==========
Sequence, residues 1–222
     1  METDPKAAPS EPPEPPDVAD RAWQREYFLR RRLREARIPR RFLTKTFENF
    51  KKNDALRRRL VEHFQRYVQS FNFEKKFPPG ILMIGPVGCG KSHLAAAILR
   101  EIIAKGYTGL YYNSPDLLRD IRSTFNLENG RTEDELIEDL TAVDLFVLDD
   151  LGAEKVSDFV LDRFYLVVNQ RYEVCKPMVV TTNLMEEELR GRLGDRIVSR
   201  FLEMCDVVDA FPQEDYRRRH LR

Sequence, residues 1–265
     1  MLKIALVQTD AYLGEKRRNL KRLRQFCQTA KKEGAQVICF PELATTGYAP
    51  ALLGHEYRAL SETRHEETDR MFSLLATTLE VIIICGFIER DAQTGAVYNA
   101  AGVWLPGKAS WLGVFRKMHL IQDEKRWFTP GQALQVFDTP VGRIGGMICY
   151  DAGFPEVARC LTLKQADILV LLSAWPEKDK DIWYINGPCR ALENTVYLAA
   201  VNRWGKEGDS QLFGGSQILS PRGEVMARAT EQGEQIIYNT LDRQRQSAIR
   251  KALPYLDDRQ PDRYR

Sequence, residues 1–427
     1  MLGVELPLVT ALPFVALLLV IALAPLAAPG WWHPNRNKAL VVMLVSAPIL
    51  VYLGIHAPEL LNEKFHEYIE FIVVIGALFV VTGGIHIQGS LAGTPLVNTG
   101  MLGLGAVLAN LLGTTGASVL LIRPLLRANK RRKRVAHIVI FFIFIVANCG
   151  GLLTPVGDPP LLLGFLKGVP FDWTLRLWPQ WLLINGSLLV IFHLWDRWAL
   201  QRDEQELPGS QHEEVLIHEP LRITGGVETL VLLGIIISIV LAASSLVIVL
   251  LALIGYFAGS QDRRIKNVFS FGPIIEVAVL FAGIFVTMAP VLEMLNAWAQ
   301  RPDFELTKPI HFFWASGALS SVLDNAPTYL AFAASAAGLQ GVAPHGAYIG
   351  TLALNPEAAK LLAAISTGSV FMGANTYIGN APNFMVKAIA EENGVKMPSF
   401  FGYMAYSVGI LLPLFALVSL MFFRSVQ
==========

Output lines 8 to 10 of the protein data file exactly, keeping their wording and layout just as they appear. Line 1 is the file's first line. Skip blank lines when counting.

     1  MLKIALVQTD AYLGEKRRNL KRLRQFCQTA KKEGAQVICF PELATTGYAP
    51  ALLGHEYRAL SETRHEETDR MFSLLATTLE VIIICGFIER DAQTGAVYNA
   101  AGVWLPGKAS WLGVFRKMHL IQDEKRWFTP GQALQVFDTP VGRIGGMICY